Conservation Biology in the Pacific (editorial)
Recher, H.F. (2001) Conservation Biology in the Pacific (editorial). Pacific Conservation Biology, 7 (4). pp. 221-222.
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MANY readers will have received emails asking for support to form an Australasian branch of the Society for Conservation Biology (SCB). The idea is a good one and I do not discourage anyone from participating in the branch and joining its activities. Nonetheless, it makes me reflect on why a conservation biology society never formed in Australia and New Zealand. At the 1993 Brisbane meeting, "Conservation Biology in Australia and Oceania", which saw the launch of Pacific Conservation Biology, there was enthusiastic support for forming an Australasian conservation biology society with nearly all 300 participants at the meeting indicating they would join. So vigorous was the support, that representatives of the Ecological Society of Australia (ESA) and the Australian Institute of Biology (AlB) requested a meeting of key individuals to discuss the proposal. At that meeting, they argued that there was no need for a separate society for conservation biology and that a new society could adversely affect established professional societies, such as the ESA and AlB. They also argued that their societies were or could be strong and effective voices for conservation biology in Australia and Oceania. The ESA and AlB were persuasive in their assurances that they would be strong voices for conservation biology and that there was no need to form a separate conservation biology society. In the end, their arguments prevailed and the new society did not proceed.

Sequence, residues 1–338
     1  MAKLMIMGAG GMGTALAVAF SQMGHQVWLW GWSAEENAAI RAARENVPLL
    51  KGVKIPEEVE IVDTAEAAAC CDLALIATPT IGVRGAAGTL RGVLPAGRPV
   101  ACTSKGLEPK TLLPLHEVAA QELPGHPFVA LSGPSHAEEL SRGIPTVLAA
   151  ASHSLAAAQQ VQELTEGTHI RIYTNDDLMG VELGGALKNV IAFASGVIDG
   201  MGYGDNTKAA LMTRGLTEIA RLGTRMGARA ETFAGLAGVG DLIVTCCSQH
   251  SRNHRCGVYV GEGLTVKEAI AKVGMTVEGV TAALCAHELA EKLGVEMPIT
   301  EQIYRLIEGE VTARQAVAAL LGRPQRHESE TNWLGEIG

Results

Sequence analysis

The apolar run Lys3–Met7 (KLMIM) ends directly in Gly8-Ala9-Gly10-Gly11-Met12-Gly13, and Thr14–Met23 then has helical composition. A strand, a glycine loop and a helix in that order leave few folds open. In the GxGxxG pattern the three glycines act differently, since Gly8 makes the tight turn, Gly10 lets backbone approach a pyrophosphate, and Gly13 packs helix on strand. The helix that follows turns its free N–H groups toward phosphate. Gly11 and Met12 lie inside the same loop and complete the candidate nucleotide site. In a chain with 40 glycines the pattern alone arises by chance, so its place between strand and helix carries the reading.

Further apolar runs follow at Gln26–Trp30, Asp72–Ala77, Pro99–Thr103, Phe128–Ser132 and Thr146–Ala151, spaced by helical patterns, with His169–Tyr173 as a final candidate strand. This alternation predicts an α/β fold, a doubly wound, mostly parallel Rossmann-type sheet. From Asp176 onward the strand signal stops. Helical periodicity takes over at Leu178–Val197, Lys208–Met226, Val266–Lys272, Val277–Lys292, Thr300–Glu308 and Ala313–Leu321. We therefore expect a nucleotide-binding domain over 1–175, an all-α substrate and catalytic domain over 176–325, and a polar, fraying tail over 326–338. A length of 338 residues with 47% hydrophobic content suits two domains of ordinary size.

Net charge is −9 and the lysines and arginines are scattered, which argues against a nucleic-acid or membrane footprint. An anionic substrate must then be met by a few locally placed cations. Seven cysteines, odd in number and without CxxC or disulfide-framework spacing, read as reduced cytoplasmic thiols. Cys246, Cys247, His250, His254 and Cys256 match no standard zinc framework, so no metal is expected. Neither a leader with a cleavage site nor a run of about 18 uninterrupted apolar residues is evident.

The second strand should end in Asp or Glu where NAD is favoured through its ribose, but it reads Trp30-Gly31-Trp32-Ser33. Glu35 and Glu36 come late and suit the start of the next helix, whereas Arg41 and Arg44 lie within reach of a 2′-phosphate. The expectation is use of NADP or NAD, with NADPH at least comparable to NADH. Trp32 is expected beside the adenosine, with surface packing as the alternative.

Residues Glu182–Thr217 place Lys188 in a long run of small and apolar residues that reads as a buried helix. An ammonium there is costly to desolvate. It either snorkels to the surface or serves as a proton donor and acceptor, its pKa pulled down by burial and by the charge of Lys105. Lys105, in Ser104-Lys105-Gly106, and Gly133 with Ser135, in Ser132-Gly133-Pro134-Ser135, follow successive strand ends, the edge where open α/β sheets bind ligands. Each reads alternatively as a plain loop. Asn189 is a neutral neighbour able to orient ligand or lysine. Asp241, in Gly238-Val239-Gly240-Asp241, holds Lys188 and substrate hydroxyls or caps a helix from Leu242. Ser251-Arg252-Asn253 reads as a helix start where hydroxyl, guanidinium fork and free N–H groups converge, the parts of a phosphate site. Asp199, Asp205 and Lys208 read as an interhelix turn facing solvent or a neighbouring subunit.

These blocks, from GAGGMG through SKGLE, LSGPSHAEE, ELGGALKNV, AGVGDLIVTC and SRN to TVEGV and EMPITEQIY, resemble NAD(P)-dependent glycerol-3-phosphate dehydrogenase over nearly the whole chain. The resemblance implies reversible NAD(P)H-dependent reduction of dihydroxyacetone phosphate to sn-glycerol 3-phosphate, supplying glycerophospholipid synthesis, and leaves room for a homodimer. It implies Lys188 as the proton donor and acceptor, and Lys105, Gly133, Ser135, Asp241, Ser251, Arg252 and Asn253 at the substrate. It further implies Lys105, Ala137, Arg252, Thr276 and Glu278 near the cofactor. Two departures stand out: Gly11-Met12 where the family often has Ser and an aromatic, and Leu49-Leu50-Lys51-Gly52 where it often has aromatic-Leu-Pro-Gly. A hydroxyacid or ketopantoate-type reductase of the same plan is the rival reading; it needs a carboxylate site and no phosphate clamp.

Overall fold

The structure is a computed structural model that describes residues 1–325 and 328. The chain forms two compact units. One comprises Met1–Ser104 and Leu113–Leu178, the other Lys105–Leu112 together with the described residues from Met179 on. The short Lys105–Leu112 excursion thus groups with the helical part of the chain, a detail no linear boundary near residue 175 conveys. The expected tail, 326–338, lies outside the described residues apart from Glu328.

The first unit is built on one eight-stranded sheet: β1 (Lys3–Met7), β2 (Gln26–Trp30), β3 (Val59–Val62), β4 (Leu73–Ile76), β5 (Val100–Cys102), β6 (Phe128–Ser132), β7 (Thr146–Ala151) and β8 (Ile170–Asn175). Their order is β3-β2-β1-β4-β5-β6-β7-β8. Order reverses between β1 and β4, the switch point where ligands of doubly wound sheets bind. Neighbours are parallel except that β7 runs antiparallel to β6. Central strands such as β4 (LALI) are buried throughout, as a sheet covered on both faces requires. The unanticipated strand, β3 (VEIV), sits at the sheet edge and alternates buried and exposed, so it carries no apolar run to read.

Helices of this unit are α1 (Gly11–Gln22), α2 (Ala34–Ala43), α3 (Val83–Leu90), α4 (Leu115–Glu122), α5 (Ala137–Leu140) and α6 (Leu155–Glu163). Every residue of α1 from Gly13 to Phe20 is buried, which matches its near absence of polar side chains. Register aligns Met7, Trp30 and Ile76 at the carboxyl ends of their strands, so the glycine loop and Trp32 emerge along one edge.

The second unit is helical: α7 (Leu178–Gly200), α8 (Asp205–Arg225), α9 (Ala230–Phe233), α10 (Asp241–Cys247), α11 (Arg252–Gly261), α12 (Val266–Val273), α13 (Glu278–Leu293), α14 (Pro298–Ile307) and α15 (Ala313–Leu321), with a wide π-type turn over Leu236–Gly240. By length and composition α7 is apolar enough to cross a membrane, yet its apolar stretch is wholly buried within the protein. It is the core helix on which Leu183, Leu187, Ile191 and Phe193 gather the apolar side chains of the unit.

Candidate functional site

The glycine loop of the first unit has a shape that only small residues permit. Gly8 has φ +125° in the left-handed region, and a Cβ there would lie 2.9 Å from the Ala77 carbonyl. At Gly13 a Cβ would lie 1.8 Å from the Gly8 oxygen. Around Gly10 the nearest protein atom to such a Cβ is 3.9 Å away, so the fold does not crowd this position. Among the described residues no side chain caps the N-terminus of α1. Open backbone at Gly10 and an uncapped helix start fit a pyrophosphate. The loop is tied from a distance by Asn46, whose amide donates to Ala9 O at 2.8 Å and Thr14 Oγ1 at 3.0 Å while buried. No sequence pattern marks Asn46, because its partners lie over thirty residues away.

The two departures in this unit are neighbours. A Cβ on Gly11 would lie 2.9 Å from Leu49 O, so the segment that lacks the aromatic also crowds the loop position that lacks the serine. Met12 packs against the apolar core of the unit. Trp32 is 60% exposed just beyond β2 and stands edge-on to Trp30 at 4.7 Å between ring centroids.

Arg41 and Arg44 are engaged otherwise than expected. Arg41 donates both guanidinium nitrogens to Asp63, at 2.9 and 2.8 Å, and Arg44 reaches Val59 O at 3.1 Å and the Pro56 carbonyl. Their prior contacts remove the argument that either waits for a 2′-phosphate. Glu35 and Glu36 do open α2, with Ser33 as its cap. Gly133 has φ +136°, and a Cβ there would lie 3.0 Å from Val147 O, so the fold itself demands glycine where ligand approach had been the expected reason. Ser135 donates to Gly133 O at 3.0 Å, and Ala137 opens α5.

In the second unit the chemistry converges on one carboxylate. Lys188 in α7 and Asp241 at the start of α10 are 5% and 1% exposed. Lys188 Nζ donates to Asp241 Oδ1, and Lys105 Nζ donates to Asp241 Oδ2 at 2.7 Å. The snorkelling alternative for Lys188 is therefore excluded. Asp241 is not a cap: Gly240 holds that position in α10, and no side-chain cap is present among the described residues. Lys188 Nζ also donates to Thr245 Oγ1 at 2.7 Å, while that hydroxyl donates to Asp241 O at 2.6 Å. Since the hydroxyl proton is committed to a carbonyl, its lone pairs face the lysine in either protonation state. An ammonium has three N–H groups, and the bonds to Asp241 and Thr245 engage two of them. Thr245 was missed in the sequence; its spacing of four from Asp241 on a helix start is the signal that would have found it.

|Publication Type:||Non-refereed Article|
|Publisher:||Surrey Beatty & Sons|
|Copyright:||© Surrey Beatty & Sons|
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